[Page 6] [...]ourthly, That though a Proclamation was Published in Ire­ [...]d, for searching the houses of all Roman Catholiques for Arms, [...] when the SHERIFF of the County of GALWAY went in [...]rsuance thereof to search the Earl of CLANRICKARDS [...]use, where as be was informed all the Papists in that County [...]d lodged their Arms, the said Earl produced a Warrant from [...] Lord LIEUTENANT the Duke of ORMONDE that his [...]ouse should not be searched, Which Article althô it be placed in [...]age the 27th of the LIBELL yet for order sake is ranked and [...]aken notice of here with the others of page the 17th in the Libell because it is of the same nature, and of the like truth with them: For my Lord Duke of ORMONDE was so far from granting a Warrant to that Earl to hinder his house from being searched for Arms, that he never so much as gave him a Licence to keep any, but contrarywise where the Earl of ESSEX in his Government had given the said Earl his Licence to keep a quantity of Armes, they were since by my Lord Duke of ORMOND's Orders taken from him, and delivered into the publick stores.

Lastly he alleadges, That yet while all this forbearance and tenderness have been expressed to the PAPISTS, the DISSENTERS have fallen under the misfortune of having an express Law made against them, and divers of them have been prosecuted to Fine and Imprisonment upon it. Wherein the LIBELLER shews his Ignorance as well as his Malice, for al­though the Statute of 2d. Eliz. for the Vniformity of Com­mon-Prayer in this Kingdom (which is without doubt against the PAPISTS, and who are frequently prosecuted upon it) should by construction be extended unto the DISSENTERS, (as I never heard it to be so Adjudged in the Case of any of them, so far are they from having been Prosecuted notwithstanding their openly numerous and frequent Meetings) yet was there never any Particular express Law made against them either before, or as the LIBELLER wou'd have it believed, since the KINGS Restauration, And as that too [Page 7] moderate Act of 2d. Elizab. be all that is in Force against the PAPISTS or that can be supposed to be against the DIS­SENTERS, so it is to be wished that for the quiet of the King­dom, more and severer Laws were made against both. And this brings me to the latter part of my Assertion, that as most of the LIBELLERS instances of the Lenity shewn the PAPISTS and of the severity extended to the DISSENTERS in this Kingdom, since the KINGS restauration are invented, which I hope I have fully proved to you, so that none of them can be rea­sonably charged upon the present Government, which I think, I shall be able very easily and briefly to shew you, For all the LI­BELLER observes with semblance of truth and which looks like an Objection in that point as to this GOVERNMENT a­gainst which he levells it, is, that there hath not any Laws been made against the PAPISTS in Ireland since the Kings return, save one against there living in Wall'd Towns,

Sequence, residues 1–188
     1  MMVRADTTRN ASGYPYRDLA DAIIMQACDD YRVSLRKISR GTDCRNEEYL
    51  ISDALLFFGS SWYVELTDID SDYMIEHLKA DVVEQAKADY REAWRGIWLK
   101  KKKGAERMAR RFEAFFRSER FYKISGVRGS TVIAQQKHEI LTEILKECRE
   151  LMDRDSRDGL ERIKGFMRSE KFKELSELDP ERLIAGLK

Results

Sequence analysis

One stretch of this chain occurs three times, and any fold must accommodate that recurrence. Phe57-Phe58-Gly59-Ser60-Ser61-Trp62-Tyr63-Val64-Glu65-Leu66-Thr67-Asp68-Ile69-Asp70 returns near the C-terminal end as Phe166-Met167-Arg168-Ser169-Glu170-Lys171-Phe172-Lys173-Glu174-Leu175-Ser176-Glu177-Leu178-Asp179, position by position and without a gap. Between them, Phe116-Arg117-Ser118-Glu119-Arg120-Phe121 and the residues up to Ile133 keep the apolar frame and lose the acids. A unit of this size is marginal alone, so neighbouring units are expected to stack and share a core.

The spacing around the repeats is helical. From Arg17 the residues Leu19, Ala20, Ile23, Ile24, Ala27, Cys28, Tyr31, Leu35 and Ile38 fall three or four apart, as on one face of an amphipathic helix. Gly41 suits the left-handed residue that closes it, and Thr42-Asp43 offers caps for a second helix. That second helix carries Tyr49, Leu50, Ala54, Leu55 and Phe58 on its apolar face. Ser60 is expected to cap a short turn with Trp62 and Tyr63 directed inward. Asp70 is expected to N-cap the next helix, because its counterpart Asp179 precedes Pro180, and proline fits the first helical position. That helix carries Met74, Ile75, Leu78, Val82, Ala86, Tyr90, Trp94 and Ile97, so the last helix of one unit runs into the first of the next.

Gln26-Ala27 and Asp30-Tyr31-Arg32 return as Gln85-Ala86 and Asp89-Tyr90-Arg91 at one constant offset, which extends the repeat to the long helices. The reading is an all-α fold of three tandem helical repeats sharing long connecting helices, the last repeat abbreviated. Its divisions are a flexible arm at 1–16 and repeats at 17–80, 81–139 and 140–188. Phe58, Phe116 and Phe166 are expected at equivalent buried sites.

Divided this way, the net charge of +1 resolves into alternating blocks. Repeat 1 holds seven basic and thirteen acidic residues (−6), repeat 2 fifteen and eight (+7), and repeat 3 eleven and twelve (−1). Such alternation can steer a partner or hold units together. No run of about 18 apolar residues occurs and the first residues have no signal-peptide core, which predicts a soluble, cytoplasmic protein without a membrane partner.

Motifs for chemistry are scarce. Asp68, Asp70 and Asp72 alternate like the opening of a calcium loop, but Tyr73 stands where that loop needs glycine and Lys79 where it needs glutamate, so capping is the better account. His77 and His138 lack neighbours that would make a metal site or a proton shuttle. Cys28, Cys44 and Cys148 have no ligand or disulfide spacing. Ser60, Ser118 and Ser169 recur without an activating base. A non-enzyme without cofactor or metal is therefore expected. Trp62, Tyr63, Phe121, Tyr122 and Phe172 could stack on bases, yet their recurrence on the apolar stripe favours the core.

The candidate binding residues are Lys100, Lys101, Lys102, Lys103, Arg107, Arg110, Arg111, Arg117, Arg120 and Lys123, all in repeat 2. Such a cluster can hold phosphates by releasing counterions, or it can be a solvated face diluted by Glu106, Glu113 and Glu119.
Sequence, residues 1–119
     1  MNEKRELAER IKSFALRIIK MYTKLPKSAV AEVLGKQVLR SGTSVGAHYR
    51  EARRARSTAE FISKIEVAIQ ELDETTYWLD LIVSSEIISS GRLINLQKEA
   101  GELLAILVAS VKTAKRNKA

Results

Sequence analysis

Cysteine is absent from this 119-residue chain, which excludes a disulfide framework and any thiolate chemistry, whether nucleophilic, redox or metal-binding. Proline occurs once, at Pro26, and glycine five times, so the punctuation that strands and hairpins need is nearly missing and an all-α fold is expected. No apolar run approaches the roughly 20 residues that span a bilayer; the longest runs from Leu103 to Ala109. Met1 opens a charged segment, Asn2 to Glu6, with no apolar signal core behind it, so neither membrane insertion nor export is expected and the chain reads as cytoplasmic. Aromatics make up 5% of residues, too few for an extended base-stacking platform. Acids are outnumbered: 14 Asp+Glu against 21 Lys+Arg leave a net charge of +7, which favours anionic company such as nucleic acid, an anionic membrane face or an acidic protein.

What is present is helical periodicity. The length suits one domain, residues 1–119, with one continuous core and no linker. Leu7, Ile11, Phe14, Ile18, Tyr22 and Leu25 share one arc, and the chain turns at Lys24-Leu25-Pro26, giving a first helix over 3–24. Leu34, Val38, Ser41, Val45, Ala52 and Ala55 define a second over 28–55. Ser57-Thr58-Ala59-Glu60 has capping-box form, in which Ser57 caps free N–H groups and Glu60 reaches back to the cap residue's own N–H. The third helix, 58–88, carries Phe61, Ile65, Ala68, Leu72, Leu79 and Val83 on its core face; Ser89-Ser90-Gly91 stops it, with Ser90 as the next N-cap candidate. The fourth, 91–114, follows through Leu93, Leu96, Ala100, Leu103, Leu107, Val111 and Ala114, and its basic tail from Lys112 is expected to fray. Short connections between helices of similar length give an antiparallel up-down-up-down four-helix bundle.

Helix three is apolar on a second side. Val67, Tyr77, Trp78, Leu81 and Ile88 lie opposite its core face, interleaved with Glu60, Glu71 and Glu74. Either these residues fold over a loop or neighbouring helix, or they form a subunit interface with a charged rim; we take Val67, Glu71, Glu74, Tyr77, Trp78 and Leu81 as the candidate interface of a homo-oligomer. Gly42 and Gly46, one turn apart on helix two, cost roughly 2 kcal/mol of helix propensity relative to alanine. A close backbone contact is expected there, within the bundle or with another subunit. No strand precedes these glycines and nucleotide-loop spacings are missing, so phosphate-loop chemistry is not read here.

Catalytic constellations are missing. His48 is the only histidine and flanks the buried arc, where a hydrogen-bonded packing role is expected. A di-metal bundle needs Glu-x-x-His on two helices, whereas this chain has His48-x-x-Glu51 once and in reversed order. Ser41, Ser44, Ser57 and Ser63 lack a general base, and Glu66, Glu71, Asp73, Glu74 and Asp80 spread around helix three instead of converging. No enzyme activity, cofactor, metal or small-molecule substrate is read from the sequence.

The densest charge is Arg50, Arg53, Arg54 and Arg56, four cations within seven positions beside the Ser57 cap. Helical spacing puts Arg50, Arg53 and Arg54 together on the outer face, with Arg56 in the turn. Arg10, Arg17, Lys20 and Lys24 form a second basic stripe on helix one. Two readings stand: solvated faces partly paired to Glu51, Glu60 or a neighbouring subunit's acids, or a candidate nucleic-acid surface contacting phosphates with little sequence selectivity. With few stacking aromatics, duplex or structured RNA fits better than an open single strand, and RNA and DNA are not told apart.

But if the method of enacting Laws in Ireland be thought upon, how that by Poynings Act the Chief Governour cannot call a Parliament, for the making of Laws in that Kingdom, be­fore he prayes the King and Councils leave for it, and transmits some Bills for their Approbation to be passed in it, and untill he receives those Bills back again with Licence for the calling of a Parliament, and if it be Consider'd that my LORD LIEVTE­NANT the Duke of ORMOND since his being here, hath RE­PEATEDLY prayed such Licence, and Transmitted Bills, where­of some were as effectuall against the PAPISTS (although there were none among them against other DISSENTERS) as cou'd be devised, and that he and the Kingdom were disap­pointed therein, by the oppositions of some Persons who are mightily extoll'd by the LIBELLER, that objection of there being no more Laws against the PAPISTS cannot in the least affect this Government, especially in the person of the Duke of ORMOND, neither can his Grace be thought to be concern­ed in the letter of suspension of, or dispensation with the Law a­gainst PAPISTS living in wall'd Towns, which the LIBELLER [Page 8] mentions; that being procured and executed when the Lord BERKLY was Governour, no more than he is to be responsible if the Orders for the taking off that suspension which the LIBELLER passes over with silence and which were grounded upon the Address of the house of Commons in England, were not as effectually, as they shou'd be put in execution here, they happening to come Over hither in the time of the Earl of Essex's Government.